Marvin Miller, executive director of the Major League Baseball Players Association, who has removed himself from the players negotiating committee, said yesterday he would return to the bargaining table if the owners of the 26 clubs came too.

Responding to criticism by Yankee owner George Steinbrenner that Miller had committed a "harmful, even ridiculous act" by withdrawing from negotiations, Miller said, "Mr. Steinbrenner is saying I've got to get back there because I'm the captain of the ship. If Mr. Steinbrenner and others were to somehow manage to crawl on their knees with their own people and fight their way into the bargaining room so they can protect their own interests, I'll come back.

"They're trying to make the point that it's a copout, a dereliction of my responsibility. That's just fantastic. In the more than 15 years I've been here, not one owner, one general manager, one club official has managed to find their way into the negotiations."

Miller said removing himself from the negotiations was not a maneuver. "I haven't left to bring them (the owners) back. But if they are going to criticize it, the question is, "Where are you?'"

In order to achieve a settlement, Miller said, "We either have to negotiate with the principals or someone clearly speaking for them and their interests, and I don't detect the latter. In the final analysis, we can only express our opinion. We can't say, 'You ought to have someone else.' That's their right. They can bring the office boy in."

Neither Steinbrenner nor Ray Grebey, the chief negotiator for the owners' Player Relations Committee, could be reached for comment.

Miller said that in order to achieve a settlement, the owners, who are represented by Grebey and the Player Relations Committee, have to be more aware of what is going on.

"I'm not trying to get them (Grebey) out of there," Miller said. "I just want them (the owners) to observe what's going on. Thursday night, as we were packing our papers to go home, knowing there was a strike, you turn the television on and see George Steinbrenner live saying he knows 'there will be no strike.' He didn't know."

Miller added, "If Steinbrenner wants to protect his interests, he'd better do better than he is doing now. (American League President) Lee MacPhail and Grebey are not protecting his interests, that's obvious. They are both out to get him and others like him, the Krocs, the Autrys, the Turners."

The owners Miller referred to -- Ray Kroc of San Diego, Gene Autry of California and Ted Turner of Atlanta -- are known as big spenders in the free-agent market.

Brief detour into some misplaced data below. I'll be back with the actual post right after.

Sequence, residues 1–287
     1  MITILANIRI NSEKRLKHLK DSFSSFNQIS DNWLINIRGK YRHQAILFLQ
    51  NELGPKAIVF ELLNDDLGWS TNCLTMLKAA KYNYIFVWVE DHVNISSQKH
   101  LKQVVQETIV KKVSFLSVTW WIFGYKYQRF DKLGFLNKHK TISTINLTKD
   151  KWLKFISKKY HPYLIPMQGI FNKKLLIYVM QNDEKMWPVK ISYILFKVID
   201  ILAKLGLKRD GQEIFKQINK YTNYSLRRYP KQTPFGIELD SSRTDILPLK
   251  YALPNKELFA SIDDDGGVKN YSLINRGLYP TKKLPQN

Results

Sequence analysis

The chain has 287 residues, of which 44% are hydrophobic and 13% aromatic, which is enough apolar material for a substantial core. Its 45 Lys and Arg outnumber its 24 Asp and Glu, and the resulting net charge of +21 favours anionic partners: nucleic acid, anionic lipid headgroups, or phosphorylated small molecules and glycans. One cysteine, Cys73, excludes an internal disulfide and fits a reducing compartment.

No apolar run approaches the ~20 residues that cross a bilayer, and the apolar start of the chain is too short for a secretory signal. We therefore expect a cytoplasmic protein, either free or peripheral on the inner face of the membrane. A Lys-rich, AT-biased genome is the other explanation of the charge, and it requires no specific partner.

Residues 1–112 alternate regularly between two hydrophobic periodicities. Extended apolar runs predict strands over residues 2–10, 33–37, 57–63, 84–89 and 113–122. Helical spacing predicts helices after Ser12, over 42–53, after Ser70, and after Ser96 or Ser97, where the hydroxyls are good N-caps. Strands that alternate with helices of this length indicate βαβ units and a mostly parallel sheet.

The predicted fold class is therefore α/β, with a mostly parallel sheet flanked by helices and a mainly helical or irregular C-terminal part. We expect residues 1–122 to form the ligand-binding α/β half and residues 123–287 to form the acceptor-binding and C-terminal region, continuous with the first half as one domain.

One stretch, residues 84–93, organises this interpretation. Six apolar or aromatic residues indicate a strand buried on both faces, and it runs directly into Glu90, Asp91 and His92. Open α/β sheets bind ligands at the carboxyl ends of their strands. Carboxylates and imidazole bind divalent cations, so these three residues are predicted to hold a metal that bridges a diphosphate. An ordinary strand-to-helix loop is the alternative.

Free-agent compensation is the cause of the 3-day old strike. The owners have insisted that a club losing a quality free agent is entitled to compensation in the form of another major leaguer off the 25-man roster of the team signing the free agent (in exchange for a free agent ranked statistically in the top third of all players, a team would be able to select the 16th man off the other club's roster).

The players have rejected the owners' proposals for compensation directly lined to a team signing a free agent because, they say, it would discourage teams from signing free agents, thus limiting the players' mobility and bargaining power.

Miller said he removed himself from the negotiations because of reports from several players that owners considered him the obstacle to a settlement. "It's very insulting to the players," Miller said. "The implication is that they're dummies. So I finally said, 'Okay, let's put it to a test. If you think you can produce a deal with the players, do so.'"

Miller's remarks came on the first day of a cooling off period in the deadlocked negotiations. Federal mediator Kenneth E. Moffett, who will reconvene the parties early next week, said, "I'd say it's a cooling off period. It's as good a way of describing it as anything. The positions were pretty hard when we left Friday. I just hope things will loosen up a little after the weekend."

Meanwhile, Edward Bennett Williams, owner of the Orioles, told the Baltimore News-American that he thinks President Reagan could intervene in an effort to resolve the strike. Williams said: "Let me say that I don't think I have a right to personally ask the president for such action or try to intitiate the process myself. But it may be that the only way we are going to get this settled and get on with the season is to have the issue go to binding arbitration."

Sources close to the negotiations expressed the opinion that unless there was a quick settlement next week, the prospects for a prolonged strike would increase. "By the end of this week, people will be more set in their ways," one source said. "There will be a hardening rather than a softening, a feeling of, 'I can wait you out.'"

The owners have $50 million in insurance that takes effect after a deductible period of 152 games. The players association has no strike fund. Don Fehr, general counsel of the association, said its executive committee had considered the idea but rejected it as unworkable. "With a salary base of $4 million a week, it's pretty difficult to pay strike benefits." Fehr said. "If you want to pay at a rate of 12 1/2 percent, you'd have to pay $500,000 a week. That's an awful lot of money."

Questions have been raised, especially by those who underestimate the players' militancy on the issue, about how long they will stand united. "It's a concern prudent people always have," Fehr said. "Players don't like not to play, ever. That's why they'd rather be traded to a last-place team than sit on the bench for the Yankees. In that sense, yes, some individuals are going to say they'd like to play sooner than others. But I don't think that translates into saying, 'The hell with the union, I want to go back.'"